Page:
We saw Mamma Mia, a choice originally made because I was afraid that Dark Knight would give me nightmares if I saw it on the big screen and I wasn't sure Mummy 3 was worth the money to see in the theatre. But it turned out to be absolutely the right choice: lots and lots of fun and an enjoyable romantic flick perfect for an anniversary. If you like musicals and ABBA, it's worth seeing.
The thing that struck me about it while I was watching was how remarkably body positive it was. While there were certainly a decent share of nubile young things and hardbodies dancing around the screen, the real stars of the show were three women in their mid-50s, dancing and celebrating their sexuality without a single hint from the movie that this might somehow be ridiculous. Meryl Streep is always magnificent, but it has to be admitted that she's not Hollywood's female ideal anymore. Middle-age spread has set in and there are definitely plenty of wrinkles there. But watching her dance around like she's 20, it's easy to see why she could still have three men chasing her. Of her friends, one has had work done, but she isn't either lauded or condemned for it - she has an entire beach of young men pursuing for her, but again, the idea of that is considered entirely natural. Even the shortest and frumpiest of the trio who is normally relegated to comic-relief sidekick status, is allowed to be sexy and desirable.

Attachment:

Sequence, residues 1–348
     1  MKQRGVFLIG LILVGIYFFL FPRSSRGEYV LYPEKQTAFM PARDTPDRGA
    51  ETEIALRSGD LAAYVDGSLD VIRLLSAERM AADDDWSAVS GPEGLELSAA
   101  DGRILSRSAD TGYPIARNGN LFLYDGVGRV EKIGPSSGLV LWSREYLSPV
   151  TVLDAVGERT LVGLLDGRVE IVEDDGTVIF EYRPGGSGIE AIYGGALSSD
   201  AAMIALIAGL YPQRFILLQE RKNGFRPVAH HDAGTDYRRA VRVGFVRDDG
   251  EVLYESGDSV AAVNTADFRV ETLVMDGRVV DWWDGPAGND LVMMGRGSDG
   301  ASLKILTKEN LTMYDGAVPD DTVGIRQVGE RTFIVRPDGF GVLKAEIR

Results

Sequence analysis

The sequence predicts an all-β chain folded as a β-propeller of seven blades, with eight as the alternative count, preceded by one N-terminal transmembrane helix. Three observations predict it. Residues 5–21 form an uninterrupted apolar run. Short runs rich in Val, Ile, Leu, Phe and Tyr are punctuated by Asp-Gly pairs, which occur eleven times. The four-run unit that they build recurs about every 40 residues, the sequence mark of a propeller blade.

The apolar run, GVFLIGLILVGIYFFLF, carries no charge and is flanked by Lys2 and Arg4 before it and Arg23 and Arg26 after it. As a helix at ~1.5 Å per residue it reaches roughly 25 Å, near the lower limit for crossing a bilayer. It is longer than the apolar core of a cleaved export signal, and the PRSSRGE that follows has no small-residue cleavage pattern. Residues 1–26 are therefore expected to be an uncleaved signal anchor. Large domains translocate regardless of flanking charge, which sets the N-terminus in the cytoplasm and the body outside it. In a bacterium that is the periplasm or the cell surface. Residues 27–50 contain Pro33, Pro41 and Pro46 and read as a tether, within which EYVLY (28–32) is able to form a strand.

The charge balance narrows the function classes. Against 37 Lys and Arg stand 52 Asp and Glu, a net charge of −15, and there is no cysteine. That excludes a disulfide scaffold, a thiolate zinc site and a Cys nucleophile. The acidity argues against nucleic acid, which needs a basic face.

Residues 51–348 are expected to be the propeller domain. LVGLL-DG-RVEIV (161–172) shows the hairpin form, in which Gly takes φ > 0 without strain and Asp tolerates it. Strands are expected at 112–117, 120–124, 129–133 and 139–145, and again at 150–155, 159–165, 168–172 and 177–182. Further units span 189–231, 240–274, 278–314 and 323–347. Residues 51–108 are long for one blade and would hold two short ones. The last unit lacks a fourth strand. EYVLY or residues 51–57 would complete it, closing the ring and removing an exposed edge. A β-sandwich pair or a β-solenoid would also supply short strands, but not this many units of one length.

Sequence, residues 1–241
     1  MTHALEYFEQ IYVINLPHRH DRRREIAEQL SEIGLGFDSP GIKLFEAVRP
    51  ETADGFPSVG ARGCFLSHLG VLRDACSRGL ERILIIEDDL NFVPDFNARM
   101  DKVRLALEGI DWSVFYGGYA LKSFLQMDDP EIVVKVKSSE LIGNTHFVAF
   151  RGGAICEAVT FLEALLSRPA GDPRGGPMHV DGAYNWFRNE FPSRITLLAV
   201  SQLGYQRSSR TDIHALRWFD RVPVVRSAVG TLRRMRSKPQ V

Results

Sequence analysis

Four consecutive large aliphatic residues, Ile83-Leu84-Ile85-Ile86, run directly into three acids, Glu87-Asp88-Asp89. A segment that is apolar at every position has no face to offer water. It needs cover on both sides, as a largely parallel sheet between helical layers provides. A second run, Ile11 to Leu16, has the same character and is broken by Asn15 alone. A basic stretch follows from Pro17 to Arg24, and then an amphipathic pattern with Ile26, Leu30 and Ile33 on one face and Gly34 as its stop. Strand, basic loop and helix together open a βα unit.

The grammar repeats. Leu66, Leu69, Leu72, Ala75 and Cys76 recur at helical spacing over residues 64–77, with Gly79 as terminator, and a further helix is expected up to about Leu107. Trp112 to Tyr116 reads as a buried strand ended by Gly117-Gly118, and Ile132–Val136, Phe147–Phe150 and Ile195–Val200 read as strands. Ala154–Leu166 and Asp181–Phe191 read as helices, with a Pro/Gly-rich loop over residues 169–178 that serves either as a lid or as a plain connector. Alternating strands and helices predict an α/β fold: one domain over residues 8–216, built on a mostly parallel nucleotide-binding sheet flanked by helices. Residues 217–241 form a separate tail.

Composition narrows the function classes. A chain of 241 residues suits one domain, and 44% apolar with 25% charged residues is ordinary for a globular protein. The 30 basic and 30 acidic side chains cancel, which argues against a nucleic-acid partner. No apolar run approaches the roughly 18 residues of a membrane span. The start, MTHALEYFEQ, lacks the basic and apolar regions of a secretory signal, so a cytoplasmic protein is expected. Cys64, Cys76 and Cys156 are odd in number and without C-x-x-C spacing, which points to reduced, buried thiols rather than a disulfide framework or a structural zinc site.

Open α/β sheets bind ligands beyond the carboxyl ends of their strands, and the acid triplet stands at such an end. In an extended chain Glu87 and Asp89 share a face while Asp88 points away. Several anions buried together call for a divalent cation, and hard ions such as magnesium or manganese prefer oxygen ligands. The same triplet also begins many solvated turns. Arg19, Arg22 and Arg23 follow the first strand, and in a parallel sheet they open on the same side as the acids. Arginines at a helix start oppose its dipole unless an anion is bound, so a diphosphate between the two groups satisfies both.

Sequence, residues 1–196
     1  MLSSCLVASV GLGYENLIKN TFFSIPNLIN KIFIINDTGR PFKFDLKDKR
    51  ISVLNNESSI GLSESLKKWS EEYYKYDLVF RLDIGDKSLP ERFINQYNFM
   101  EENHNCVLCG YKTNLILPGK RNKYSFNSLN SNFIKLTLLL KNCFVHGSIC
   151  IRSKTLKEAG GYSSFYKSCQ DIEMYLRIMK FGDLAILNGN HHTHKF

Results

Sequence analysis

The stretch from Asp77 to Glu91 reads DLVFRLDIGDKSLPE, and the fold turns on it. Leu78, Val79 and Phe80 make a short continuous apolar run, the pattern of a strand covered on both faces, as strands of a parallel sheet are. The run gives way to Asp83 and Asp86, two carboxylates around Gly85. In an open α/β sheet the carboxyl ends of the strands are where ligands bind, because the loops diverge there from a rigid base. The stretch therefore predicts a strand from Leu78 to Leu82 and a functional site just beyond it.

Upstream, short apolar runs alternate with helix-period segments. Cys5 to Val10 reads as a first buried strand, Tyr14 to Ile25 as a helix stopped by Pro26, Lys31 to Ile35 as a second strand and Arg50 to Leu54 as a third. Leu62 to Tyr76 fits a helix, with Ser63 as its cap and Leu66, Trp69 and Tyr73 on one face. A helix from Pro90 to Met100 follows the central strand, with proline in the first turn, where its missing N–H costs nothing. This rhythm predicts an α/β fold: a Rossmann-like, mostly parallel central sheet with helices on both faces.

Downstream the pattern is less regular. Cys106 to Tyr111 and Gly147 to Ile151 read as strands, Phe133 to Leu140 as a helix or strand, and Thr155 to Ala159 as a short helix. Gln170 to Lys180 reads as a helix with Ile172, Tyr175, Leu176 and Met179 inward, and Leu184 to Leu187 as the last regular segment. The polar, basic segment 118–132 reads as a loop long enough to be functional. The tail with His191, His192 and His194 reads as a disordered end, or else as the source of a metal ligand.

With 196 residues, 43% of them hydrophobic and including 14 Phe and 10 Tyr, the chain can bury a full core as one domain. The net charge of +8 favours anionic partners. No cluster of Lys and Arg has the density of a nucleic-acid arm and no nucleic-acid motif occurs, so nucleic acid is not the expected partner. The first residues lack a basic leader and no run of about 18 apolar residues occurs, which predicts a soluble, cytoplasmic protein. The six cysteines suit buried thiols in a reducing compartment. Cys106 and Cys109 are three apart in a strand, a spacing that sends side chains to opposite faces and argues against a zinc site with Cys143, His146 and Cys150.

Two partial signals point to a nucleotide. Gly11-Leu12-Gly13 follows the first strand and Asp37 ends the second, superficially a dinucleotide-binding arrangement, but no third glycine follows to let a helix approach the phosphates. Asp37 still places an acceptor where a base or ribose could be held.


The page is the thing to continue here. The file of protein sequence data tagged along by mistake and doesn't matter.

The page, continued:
In an industry where the normal procedure is to hire actresses in their mid-30s to play mothers to a 20-year-old and 45 is considered the most ancient of old age, it's just so refreshing to see a movie cast women who are frankly a little old for the characters, since my impression from the movie is that the main character was quite young (early 20s?) when she got pregnant with her daughter, now 20.
The movie itself? The frothiest bit of fluff that ever flirted with a wisp of plot. No substance there at all. But it's a musical based on ABBA music, after all. Any sort of plot would just sink like a lead weight among the clouds of bubbles that are the music. But the casting spoke volumes.